As humans, we experience loss in a variety of ways—loss of a relationship, loss of employment, loss of function due to illness or a loved one’s death. As clinicians, we witness this type of loss unfold daily in our work. We see it in the patient with a devastating injury who is left with lifelong debilitation, the patient with a new diagnosis or neurodegenerative disease, or the adult child becoming a full-time caregiver for their parent with Alzheimer’s disease.

It can be exhausting to navigate the continuous roller coaster of uncertainty and grief over the loss of our previous life—the life we aspired to—and the start of the new one. The impact of living loss can be very painful, and yet many struggle with finding language around expressing emotions associated with it.

Experiencing Living Loss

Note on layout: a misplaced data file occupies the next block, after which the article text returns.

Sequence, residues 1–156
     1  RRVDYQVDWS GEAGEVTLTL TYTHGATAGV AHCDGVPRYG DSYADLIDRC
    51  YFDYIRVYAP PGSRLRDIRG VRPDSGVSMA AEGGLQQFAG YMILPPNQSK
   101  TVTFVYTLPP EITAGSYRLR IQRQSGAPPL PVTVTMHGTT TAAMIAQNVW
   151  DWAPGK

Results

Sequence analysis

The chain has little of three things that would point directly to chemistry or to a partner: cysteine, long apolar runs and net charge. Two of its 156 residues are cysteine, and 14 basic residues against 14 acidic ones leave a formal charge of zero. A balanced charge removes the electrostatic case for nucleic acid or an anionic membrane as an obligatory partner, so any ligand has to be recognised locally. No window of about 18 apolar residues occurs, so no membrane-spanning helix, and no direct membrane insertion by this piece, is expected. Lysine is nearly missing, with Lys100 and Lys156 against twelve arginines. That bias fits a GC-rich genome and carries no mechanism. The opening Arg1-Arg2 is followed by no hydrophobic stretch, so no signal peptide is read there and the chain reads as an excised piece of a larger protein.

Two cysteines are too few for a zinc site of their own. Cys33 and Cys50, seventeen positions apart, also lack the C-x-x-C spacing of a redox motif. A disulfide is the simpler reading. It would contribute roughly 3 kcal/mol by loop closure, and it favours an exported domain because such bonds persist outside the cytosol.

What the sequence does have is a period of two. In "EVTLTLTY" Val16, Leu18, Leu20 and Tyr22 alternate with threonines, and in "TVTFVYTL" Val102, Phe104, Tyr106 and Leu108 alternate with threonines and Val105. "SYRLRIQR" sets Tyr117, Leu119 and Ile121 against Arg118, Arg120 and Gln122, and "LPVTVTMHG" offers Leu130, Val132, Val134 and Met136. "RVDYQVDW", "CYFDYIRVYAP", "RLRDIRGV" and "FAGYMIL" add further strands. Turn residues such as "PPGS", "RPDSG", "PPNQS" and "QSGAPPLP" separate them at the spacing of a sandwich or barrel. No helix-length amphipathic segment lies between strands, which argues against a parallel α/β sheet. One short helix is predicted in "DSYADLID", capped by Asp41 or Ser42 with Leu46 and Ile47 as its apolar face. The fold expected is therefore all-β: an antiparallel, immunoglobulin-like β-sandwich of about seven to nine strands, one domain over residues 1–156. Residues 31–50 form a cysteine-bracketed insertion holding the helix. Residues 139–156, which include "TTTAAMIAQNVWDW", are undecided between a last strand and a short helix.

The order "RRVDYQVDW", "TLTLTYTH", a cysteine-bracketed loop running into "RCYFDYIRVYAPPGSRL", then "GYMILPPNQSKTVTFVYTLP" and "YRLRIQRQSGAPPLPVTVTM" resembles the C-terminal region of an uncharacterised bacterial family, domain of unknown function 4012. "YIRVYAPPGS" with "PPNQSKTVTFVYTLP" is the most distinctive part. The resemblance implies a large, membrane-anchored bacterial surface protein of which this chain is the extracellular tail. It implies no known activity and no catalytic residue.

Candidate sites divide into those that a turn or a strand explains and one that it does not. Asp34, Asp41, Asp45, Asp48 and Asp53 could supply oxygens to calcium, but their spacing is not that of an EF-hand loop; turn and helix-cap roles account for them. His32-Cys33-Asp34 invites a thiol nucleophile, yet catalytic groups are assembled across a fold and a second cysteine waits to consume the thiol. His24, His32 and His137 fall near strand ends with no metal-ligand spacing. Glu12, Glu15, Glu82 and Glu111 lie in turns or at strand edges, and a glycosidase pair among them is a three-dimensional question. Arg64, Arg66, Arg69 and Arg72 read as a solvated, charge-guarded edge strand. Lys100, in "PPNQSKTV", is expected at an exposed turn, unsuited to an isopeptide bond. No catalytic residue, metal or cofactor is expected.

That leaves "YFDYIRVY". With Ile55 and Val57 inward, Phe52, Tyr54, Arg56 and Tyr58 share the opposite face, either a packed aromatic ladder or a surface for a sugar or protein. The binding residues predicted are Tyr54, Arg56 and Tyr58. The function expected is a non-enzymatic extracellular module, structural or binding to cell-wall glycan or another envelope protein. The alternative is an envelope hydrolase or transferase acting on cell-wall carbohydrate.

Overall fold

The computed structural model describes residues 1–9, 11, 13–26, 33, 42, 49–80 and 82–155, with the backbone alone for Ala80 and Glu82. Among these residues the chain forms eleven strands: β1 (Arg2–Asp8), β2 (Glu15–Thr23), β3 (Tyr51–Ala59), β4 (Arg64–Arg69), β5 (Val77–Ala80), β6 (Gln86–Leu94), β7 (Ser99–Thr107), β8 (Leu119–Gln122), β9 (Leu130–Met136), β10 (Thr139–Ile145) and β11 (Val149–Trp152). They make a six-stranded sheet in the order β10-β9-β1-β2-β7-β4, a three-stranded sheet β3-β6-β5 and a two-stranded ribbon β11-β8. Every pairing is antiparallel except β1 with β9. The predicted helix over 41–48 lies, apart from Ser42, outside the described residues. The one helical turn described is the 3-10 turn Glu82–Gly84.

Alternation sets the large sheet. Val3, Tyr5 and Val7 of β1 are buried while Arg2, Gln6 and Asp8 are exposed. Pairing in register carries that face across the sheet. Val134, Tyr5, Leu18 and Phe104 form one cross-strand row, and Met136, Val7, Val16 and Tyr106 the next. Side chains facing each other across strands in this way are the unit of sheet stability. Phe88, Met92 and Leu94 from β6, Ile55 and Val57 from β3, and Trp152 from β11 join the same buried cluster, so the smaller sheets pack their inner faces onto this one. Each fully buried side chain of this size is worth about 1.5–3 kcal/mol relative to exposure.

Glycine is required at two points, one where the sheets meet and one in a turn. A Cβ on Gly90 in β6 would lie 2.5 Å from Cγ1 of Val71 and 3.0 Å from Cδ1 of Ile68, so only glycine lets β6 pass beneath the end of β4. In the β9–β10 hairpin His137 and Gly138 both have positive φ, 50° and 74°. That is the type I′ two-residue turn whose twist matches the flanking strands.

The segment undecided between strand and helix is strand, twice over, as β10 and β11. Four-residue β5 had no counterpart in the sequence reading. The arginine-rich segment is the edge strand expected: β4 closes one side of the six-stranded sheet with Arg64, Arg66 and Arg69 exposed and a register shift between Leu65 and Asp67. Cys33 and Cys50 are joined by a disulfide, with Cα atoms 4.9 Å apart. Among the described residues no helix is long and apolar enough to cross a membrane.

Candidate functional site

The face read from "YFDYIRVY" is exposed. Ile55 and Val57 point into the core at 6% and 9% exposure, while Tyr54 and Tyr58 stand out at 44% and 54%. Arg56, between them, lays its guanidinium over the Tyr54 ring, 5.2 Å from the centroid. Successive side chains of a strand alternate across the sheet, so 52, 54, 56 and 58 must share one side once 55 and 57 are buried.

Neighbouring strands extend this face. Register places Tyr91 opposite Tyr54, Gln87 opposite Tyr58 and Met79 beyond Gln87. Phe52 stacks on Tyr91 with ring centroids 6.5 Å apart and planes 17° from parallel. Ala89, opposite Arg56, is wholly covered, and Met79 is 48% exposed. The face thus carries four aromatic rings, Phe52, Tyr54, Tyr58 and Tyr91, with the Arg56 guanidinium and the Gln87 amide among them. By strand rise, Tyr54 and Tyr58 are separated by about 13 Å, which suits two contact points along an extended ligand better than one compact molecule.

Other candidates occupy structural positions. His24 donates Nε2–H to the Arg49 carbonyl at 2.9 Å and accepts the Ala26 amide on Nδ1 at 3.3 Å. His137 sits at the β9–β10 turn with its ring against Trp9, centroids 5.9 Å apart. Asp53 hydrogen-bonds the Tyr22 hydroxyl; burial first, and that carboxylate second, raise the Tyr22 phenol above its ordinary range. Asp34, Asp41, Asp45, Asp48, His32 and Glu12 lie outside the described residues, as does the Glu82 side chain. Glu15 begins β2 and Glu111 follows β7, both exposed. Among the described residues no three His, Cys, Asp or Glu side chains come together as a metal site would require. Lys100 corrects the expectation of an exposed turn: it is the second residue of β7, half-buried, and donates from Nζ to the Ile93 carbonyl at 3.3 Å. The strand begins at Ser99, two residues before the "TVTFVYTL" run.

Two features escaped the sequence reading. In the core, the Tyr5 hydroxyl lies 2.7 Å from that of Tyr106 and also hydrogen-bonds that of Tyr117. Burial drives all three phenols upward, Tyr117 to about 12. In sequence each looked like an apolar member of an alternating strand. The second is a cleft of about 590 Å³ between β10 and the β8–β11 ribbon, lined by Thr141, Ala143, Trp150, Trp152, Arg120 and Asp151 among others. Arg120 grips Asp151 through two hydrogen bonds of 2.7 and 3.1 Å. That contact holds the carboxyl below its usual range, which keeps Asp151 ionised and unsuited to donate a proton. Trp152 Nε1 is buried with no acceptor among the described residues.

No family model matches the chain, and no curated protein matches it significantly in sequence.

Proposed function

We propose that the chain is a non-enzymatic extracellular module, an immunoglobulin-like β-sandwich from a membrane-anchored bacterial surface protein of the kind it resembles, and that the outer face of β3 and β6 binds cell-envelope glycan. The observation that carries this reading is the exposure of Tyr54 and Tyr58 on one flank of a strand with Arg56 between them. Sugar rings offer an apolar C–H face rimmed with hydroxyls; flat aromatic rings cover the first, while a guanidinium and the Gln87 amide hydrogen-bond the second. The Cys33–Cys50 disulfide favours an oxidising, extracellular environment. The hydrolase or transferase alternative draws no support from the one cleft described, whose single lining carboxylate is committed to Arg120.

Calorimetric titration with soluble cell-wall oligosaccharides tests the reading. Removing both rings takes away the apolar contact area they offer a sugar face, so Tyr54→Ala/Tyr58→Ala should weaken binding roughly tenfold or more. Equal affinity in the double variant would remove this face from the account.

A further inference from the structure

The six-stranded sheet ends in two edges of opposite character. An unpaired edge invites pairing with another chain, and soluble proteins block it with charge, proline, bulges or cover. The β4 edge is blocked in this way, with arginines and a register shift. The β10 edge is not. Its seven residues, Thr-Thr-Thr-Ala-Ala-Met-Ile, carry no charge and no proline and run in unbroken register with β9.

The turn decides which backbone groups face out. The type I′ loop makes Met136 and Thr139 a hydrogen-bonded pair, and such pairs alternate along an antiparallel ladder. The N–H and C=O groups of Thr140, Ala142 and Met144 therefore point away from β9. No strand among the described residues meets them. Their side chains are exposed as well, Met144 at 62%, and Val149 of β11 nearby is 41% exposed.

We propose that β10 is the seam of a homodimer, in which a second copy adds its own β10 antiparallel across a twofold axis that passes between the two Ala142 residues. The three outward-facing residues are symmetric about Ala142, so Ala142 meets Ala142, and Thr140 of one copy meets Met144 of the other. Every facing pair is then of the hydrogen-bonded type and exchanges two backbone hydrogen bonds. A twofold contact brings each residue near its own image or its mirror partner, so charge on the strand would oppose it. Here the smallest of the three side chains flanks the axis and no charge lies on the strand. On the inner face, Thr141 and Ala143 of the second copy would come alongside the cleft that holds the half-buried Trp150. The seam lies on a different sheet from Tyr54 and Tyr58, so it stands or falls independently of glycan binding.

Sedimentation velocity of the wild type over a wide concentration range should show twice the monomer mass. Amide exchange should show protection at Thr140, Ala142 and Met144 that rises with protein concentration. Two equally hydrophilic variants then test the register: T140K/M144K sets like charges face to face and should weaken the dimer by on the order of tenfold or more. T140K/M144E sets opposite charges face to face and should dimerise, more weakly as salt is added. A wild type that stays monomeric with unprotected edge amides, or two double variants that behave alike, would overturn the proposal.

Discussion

When someone is experiencing a living loss, there is an ongoing uncertainty about the future, most likely accompanied by fear. The life they once knew can be shattered, leaving an overwhelming feeling of vulnerability and lack of safety. Adjusting to a new way of life and being in a world with a new reality can provoke a sense of helplessness and powerlessness. The control we once felt no longer applies.

"The life one once knew can be shattered, leaving an overwhelming feeling of vulnerability and lack of safety."

Nonfinite losses are not always identified, and there is often a lack of recognition or acknowledgment of the immensity of the loss that person is feeling. This becomes evident as the person experiencing such loss begins to withdraw or isolate from social interactions, increasing the intensity of helplessness and leading to other conflicting emotions.